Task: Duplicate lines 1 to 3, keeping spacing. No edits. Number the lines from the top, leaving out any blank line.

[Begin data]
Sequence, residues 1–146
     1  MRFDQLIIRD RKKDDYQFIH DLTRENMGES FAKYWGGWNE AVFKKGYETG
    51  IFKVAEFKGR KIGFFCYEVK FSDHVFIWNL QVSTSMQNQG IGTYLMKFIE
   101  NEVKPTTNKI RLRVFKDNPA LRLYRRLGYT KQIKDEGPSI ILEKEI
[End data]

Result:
Sequence, residues 1–146
     1  MRFDQLIIRD RKKDDYQFIH DLTRENMGES FAKYWGGWNE AVFKKGYETG
    51  IFKVAEFKGR KIGFFCYEVK FSDHVFIWNL QVSTSMQNQG IGTYLMKFIE